How To Fish Havasu In Spring

Starting in March and April you will have some of the best fishing days at Lake Havasu, Ariz.  The water is warming and the smallmouth are staging and some will be already spawning.  The largemouth will be on the pre spawn pattern in March.  Normally the largemouth will be right in the spawn by the end of March.  When traveling to Lake Havasu in the early spring, you need to start in the bays off the river.  This is where you need to start looking for spawning activity such as beds being polished. 

You can go into a bay one day and everything will look normal.  You can go back the next day and see polished beds.  I have found that generally smallmouth and largemouth make their beds at night.  But, just because one day there aren’t any beds in one area, don’t discount a good spawning area, because the next day there could be beds that were made during the night.

As the water continues to warm as we get further into spring, the spawning activity in the lake should be starting.  When fishing the lake, you want to look for the protected coves that warm up quickly that have shallow cover such as grass, cages, tules and so forth.  Generally, the spawn will start going off in the Bill Williams and main lake first and then move through the narrows of the lake.

 A good place to start looking for beds is in all the protected areas with cover in the lake.  If these are void of beds and the fish have not started setting up home yet, they will be staging in the deeper cages and ledges leading to the spawning areas.  Around these areas, when the bass are staging off shore, I love throwing ¼- or 3/8-oz jig in browns, purples, and greens dressed with a Yamamoto double tail 4 or 5-inch size, chigger craw, and a #11, 101 pork frog.

Be sure to fish the shorelines that are facing the warm, westerly winds and have a lot of sunshine all day long.  These will be the ones that go off first.  If you have located an area where they have just started beds and are not locked on, and a storm front moves in, the bass will move off and be a little deeper below the light breaks.  They won’t go far.  Just fish a little deeper and slower generally with jigs, drop shot, and nail-weighted Senkos.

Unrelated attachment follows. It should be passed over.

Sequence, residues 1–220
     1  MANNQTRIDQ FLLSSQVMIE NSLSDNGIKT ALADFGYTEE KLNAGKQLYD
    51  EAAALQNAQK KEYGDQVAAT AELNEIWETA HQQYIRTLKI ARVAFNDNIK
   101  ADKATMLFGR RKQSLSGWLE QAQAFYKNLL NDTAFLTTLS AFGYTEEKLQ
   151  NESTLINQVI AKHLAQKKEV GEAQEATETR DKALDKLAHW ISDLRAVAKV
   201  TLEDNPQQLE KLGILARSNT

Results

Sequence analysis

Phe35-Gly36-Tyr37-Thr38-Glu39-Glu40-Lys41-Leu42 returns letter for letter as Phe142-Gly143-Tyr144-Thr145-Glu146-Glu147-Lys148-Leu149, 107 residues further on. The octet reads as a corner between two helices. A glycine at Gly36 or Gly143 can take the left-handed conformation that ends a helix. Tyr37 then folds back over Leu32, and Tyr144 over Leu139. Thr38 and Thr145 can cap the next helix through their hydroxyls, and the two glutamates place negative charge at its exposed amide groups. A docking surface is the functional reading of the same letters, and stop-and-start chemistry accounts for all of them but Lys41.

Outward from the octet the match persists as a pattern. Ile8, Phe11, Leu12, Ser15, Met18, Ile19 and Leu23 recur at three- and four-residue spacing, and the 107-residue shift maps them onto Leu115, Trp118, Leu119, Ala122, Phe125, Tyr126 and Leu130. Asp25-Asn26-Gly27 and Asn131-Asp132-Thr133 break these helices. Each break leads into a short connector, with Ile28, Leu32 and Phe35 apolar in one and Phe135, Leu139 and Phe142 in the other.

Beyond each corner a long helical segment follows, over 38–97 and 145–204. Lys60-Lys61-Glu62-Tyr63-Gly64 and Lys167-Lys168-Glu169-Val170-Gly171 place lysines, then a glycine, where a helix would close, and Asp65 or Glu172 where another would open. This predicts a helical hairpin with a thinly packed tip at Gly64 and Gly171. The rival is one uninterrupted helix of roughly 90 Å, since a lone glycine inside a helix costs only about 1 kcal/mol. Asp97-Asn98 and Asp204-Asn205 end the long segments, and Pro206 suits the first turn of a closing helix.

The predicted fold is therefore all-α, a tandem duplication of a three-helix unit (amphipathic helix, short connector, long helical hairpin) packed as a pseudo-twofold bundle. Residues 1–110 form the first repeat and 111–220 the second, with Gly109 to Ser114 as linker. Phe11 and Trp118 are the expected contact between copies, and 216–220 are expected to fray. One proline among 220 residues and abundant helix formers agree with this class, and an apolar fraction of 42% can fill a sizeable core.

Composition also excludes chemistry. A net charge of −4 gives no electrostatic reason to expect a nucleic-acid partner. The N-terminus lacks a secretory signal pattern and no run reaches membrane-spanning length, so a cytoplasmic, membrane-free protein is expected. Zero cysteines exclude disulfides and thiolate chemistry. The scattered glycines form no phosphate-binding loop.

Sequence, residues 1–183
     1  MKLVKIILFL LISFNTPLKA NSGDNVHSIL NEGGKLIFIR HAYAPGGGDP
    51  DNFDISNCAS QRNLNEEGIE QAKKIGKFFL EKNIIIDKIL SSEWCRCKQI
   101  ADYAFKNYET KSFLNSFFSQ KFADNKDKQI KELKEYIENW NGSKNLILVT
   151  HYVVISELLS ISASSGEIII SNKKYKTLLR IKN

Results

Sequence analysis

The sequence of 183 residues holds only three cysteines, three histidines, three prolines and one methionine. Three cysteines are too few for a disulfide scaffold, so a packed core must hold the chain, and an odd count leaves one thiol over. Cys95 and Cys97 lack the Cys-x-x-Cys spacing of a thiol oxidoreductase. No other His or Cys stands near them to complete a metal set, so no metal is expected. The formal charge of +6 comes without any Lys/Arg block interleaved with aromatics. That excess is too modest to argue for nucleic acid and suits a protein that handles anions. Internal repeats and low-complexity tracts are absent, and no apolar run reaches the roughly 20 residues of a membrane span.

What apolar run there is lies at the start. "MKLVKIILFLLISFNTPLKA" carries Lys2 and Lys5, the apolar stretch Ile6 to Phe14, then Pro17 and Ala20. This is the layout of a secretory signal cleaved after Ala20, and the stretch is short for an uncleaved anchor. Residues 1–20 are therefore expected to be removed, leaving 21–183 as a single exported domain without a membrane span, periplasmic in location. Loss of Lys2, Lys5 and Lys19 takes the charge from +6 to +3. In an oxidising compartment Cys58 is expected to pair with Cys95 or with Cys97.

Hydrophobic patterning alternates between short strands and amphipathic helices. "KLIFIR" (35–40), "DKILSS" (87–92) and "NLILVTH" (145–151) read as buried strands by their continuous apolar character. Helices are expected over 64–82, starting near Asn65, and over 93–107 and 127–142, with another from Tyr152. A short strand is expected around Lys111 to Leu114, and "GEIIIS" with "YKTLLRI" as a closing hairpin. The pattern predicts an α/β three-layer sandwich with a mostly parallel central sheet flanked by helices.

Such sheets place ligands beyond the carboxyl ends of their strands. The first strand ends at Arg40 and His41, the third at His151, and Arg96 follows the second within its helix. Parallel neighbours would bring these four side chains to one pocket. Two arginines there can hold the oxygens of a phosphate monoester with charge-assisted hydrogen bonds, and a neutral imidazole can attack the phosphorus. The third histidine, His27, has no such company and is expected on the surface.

By the time we get to April, the spawn should be in full swing for smallmouth and largemouth.  You should have some of the best and greatest fishing days of the year at Lake Havasu. 

In March of 2010, I weighed in 26.62-lbs for five fish setting the WON Bass Record at Lake Havasu.  Also, I broke the two-day record of 43.38-lbs.  My biggest fish was an 8.67 largemouth.  In the same tournament Jeff Klicka weighed in an 8.29 lb largemouth.  In March of 2011, Shaun Bailey broke my two-day, ten fish total, weighing in 43.61 lbs.  The first day of that tournament he weighed in a 9.50-lb largemouth.  You can expect to weigh a 20-plus lb bag in the months of March and April.  As we start getting into post spawn, the weights will start dropping.

My favorite baits that I like to use this time of the year are drop shotting a four and six-inch Folkestad Special, Oxblood light, and Kerrlicious all made by Roboworm.

When using a slide sinker, especially around heavy cover and cages, I like to peg the sinker and use a 10-inchTami’s Rock’n Roller made by Maverick.

I also use the Yamamoto Senkos in the five and six-inch in browns and green colors.  I like to fish the Senkos wacky-rigged and weightless in the shallow water.  If I’m fishing it a little deeper, I will put a nail in the nose.

Small crank plugs in crawdad and shad colors are very effective at times.  The ones I like are made by Jackall and Lucky Craft. 

I use spinnerbaits in shad colors, and always combine a stinger hook .  Generally, using a medium to slow retrieve bouncing it off the bottom or objects will entice some GIANT bass to engulf the spinnerbait.

And, don’t forget your tubes and jerk baits.  My favorite tube color is the Klicka Special and Old Ugly.  My favorite jerk bait color is Lucky Craft sexy shad. 

I use a 7’ Daiwa spinning rod with a Daiwa 2000 spinning reel with 6-lb test Seaguar Fluorocarbon line.  Sometimes, I will use 30 lb Samurai braid marrying it with 6-lb test Seaguar Fluorocarbon.  On my Daiwa baitcasters, I use a 7’ Daiwa baitcasting rod and reel and the Seaguar Fluorocarbon can vary from 10- to 20-lb test.